We have only one brain, but it is split into two parts – the right and the left hemisphere. It has been found that the side of your brain that is the most dominant influences how you process information. The left side of your brain controls the right side of your body, and the right side of your brain controls the left side of your body. It would stand to reason then, that left-handed people (approximately 10% of the population) use the right side of their brain more often, while right-handed people are usually more dominant on the left side. Ambidextrous people use both hands equally (there are very few of them) and have no dominant side.

Very few people are totally left or totally right brained. Think of it this way – a person with total left-brain qualities would be more of a robot, paying attention to details and going about things totally logically. The best example I can give is Sheldon on “The Big Bang Theory” television show. Those who would be totally right-brained would be completely impulsive and ignoring details, basing decisions on impulse as opposed to logic. The closest analogy I can come up with for that would be Charlie in “Three and a half Men.”  Can you imagine what a world we would live in if there were more of them! Thankfully, those types of characters are rare in real life.

Our brains are extremely complicated, and there are connections going over, under around and through all parts of both sides. Unless there is some kind of brain damage, we use both sides of our brains interactively throughout the day, even though we have a dominant side we tend to rely on. For instance: You use the left side of your brain dominant for language skills, while you use the right side of your brain for spatial abilities, face recognition, visual imagery and music. You could be great at languages, but keep a messy house – or love to paint and sculpt, but also enjoy sitting down to a Sodoku puzzle. These activities require the use of both sides of your brain.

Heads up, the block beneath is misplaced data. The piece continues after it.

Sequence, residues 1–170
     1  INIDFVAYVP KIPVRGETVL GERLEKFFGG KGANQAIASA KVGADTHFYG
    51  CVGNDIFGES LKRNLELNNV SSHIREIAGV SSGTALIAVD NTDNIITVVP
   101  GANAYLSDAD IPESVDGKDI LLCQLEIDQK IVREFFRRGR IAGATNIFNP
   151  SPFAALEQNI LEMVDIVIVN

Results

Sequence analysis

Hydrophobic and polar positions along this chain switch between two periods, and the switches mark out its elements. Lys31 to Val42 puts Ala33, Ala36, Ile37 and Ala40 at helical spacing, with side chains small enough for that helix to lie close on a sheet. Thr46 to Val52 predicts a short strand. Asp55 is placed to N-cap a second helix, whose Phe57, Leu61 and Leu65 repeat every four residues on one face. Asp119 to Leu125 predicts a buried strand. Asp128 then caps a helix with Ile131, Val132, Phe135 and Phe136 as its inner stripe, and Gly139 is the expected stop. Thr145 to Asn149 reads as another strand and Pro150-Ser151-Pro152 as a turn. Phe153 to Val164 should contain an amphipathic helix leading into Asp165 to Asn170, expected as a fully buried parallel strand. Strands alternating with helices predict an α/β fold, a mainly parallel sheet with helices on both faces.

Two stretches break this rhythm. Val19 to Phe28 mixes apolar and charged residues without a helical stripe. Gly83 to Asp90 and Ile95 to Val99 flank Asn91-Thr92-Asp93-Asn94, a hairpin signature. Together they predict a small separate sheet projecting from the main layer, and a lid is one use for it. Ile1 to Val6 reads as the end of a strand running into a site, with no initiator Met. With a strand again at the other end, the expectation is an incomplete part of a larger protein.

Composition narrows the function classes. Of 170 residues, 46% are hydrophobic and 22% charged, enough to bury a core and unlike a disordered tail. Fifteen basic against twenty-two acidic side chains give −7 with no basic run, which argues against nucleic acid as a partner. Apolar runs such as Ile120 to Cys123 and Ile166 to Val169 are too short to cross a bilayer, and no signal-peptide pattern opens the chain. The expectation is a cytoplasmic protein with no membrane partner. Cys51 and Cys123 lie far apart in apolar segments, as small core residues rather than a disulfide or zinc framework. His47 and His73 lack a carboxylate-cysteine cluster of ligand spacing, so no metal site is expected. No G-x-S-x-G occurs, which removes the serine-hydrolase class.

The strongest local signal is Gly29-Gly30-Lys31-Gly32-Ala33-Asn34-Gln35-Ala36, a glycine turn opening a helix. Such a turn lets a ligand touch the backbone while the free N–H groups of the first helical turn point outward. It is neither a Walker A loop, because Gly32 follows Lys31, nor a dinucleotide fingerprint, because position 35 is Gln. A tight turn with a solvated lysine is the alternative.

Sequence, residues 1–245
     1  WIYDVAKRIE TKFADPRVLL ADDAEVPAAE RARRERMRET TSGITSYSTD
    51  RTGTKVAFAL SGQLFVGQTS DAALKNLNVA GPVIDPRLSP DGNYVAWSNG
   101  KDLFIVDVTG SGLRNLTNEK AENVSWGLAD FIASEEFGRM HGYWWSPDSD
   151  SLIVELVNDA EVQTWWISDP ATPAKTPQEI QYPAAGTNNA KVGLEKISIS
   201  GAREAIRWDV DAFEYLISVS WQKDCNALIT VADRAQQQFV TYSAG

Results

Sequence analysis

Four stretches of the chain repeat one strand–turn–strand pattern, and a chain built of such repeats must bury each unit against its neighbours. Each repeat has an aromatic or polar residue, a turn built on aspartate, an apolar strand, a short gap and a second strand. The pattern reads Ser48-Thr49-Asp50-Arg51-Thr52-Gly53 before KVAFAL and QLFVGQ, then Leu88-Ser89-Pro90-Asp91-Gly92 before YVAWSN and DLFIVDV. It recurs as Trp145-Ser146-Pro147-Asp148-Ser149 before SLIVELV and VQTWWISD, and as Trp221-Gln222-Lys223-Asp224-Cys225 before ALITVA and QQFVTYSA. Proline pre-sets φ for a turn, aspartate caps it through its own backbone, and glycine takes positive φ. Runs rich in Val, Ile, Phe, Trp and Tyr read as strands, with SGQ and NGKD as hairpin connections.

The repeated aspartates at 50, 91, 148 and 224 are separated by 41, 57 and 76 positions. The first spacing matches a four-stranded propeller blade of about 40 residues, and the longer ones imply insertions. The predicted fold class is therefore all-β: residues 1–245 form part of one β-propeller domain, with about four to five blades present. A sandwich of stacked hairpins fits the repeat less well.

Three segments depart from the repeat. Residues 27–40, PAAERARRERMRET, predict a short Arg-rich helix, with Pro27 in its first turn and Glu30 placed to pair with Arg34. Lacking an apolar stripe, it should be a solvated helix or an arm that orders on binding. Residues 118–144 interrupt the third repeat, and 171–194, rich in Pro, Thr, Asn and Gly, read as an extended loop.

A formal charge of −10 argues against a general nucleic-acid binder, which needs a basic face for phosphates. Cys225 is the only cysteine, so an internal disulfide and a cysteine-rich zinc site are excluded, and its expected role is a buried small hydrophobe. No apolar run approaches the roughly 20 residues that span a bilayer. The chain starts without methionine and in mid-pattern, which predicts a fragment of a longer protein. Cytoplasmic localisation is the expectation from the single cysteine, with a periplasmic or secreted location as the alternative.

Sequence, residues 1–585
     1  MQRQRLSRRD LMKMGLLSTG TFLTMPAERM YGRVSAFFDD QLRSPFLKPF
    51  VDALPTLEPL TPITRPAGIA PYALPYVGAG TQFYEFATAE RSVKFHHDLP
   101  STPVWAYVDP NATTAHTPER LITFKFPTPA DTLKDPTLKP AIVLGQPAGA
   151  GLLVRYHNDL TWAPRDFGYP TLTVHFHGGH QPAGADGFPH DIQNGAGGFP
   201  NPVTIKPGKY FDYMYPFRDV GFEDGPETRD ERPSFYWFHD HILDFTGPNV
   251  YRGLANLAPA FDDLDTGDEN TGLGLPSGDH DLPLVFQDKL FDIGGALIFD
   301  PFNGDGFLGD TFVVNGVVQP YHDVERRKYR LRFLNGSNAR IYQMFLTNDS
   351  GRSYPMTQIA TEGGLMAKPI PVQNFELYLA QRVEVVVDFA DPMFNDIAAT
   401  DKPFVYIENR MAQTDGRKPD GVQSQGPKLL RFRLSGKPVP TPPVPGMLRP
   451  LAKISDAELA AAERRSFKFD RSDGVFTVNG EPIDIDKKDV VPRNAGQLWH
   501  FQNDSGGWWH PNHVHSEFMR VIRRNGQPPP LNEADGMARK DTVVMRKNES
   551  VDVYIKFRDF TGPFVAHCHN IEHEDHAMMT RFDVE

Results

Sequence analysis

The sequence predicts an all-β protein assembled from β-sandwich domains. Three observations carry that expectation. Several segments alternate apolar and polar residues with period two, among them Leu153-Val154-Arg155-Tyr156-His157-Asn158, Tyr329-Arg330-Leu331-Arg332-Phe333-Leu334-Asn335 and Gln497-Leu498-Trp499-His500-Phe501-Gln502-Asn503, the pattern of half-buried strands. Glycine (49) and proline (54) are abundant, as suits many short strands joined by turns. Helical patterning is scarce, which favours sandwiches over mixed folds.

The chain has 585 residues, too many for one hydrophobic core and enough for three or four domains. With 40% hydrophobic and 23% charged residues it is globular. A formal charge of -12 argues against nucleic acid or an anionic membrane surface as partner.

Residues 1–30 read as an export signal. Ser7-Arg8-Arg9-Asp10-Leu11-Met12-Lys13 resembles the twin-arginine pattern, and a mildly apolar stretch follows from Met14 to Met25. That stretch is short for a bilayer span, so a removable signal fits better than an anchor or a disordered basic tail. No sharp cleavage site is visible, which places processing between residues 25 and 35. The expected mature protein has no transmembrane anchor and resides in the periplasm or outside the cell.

I have a friend who writes, eats and draws with her left hand, throws a ball and holds a bottle with her right hand, and plays tennis with both hands. She is terrible to serve to because she has no backhand! Strangely, she can write with her right hand as well, although she is slower at it, but it is legible. Some would say she is confused, and I often think so, but she has simply learned to accommodate both sides of her brain at the same time. Most would say she was ambidextrous, but in reality her right side is stronger (testing 41% left brain to 59% right brain), so she would be classified as weak right brain dominant (To find out which side of your brain is dominant, take the test for dominance here).

This is Ron White, two-time USA Memory Champion. I am skilled at training the brain to help people find different techniques to maximize memory. I have found that by finding ways to utilize both sides of your brain equally you can not only improve your memory, but other brain functions as well.



Release Your Mighty Memory: http://www.mightymemory.com

Lifescript – Healthy Living for Women – Right Vs. Left Brain: Which Rules You? http://www.lifescript.com/Soul/Self/Growth/Right_Vs_Left_Brain_Which_Rules_You.aspx?gclid=CPT5-4PLmagCFZQbKgod6xzB5g&trans=1&du=1&ef_id=nCRNpaNlWh8AAIPE:20110413132141:s

Right Brain vs Left Brain Creativity Test: http://www.wherecreativitygoestoschool.com/vancouver/left_right/rb_test.htm